Relevance of sexual education in schools

By Heeni Brown
  • Auckland

Should there be a different approach to sex education in NZ schools? It comes in the wake of statistics which show up to one in three girls will be subjected to an unwanted sexual experience by the age of 16 years.

No matter the platform. It's a hard subject to avoid, sex is everywhere.

For sex educators Te Kaha o Te Rangatahi Trust, it's about teaching youth how to be safe around sex.

Facilitator Te Ao Tanaki says the programme offers youth support, “We are just wanting to make sure we are a port of help and let our youth know Te Kaha o Te Rangatahi are here.”

Te Wharekura o Manurewa principal, Maahia Nathan says it’s a subject that's supported and incorporated into their curriculum, “Year 9-13 is the time we need to be thinking about these things and how to protect our children and talk to them about the consequences that could come from it.”

There are so many issues associated with youth and sex. Chlamydia was the most reported STI in 2014 for those aged between 15 and 29 years. Māori and Pasifika had the highest chlamydia rates according to a surveillance report on sexually transmitted infections in NZ.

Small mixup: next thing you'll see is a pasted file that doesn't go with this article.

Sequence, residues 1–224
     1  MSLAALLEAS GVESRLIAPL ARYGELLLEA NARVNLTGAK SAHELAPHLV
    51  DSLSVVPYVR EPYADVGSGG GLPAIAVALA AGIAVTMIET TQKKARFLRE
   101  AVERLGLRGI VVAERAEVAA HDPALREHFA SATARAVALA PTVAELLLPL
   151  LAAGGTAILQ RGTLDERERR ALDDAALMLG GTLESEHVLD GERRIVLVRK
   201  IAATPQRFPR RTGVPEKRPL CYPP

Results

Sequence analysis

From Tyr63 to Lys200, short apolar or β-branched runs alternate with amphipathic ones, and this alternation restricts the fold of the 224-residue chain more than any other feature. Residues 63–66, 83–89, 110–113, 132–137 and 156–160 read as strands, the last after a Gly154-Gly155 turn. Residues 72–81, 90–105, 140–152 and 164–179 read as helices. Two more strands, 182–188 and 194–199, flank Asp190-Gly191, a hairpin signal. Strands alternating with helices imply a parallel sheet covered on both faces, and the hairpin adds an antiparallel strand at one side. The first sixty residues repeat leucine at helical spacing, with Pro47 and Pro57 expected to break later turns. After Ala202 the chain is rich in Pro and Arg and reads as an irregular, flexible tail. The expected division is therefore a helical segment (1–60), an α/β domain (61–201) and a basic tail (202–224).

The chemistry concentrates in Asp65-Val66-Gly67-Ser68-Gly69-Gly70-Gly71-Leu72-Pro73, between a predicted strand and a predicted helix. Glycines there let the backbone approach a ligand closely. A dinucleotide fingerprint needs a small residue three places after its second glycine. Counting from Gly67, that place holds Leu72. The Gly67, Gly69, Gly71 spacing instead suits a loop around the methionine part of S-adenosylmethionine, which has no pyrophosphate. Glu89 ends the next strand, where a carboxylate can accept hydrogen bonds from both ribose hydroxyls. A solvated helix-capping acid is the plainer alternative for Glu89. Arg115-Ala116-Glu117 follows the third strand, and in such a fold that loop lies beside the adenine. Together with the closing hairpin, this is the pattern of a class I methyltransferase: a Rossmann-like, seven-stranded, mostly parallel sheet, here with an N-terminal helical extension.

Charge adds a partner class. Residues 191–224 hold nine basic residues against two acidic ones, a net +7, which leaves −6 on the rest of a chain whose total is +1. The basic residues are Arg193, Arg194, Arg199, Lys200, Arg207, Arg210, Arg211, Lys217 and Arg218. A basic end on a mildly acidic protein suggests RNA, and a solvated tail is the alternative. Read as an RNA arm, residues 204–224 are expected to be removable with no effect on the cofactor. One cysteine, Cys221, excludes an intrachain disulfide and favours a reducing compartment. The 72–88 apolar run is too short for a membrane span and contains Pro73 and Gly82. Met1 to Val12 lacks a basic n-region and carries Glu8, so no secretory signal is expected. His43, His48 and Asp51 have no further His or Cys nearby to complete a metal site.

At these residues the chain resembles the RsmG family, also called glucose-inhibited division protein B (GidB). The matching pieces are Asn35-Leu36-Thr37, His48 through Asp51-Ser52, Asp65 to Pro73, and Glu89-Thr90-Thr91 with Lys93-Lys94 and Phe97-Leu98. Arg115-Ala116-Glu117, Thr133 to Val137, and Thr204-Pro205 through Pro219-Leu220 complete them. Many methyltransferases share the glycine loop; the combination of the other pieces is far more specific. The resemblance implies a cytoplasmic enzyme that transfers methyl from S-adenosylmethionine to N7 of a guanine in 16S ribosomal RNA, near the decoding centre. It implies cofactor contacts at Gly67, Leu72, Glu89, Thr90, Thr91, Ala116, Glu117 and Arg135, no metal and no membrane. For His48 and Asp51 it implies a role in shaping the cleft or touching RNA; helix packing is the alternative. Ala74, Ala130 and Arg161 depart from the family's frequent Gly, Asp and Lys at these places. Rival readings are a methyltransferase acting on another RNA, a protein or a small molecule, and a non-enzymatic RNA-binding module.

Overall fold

Rape Prevention statistics show that up to one in three girls will be subjected to an unwanted sexual experience by the age of 16 years.

For Māori girls and women, the likelihood of sexual violence is nearly twice as high as the general population.

“If we teach our children properly about all these sorts of things, they shouldn't feel bad if they'd come out of it in a good way, “says Nathan.

Tanaki says they’re able to provide additional education, “We are really wanting education around sexually transmitted infections because we've found just through some of our teachings that many people don't know about these sorts of things.

Te Kaha o Te Rangatahi say the government needs to put more funding into sexual education.

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